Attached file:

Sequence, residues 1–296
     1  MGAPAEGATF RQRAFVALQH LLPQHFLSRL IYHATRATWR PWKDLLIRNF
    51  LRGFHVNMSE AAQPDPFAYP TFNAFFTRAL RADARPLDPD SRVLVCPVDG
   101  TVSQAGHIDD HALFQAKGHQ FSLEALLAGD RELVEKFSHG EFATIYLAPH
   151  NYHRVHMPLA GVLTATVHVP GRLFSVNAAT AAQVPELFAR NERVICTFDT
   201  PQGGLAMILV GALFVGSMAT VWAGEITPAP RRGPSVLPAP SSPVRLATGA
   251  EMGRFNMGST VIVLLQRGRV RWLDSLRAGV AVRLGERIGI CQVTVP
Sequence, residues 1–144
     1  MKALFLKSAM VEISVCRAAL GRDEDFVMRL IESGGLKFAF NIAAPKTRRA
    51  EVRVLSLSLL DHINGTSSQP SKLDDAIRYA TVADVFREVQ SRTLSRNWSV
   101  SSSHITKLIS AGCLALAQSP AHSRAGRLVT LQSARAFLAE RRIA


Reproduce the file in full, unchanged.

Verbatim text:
Sequence, residues 1–296
     1  MGAPAEGATF RQRAFVALQH LLPQHFLSRL IYHATRATWR PWKDLLIRNF
    51  LRGFHVNMSE AAQPDPFAYP TFNAFFTRAL RADARPLDPD SRVLVCPVDG
   101  TVSQAGHIDD HALFQAKGHQ FSLEALLAGD RELVEKFSHG EFATIYLAPH
   151  NYHRVHMPLA GVLTATVHVP GRLFSVNAAT AAQVPELFAR NERVICTFDT
   201  PQGGLAMILV GALFVGSMAT VWAGEITPAP RRGPSVLPAP SSPVRLATGA
   251  EMGRFNMGST VIVLLQRGRV RWLDSLRAGV AVRLGERIGI CQVTVP
Sequence, residues 1–144
     1  MKALFLKSAM VEISVCRAAL GRDEDFVMRL IESGGLKFAF NIAAPKTRRA
    51  EVRVLSLSLL DHINGTSSQP SKLDDAIRYA TVADVFREVQ SRTLSRNWSV
   101  SSSHITKLIS AGCLALAQSP AHSRAGRLVT LQSARAFLAE RRIA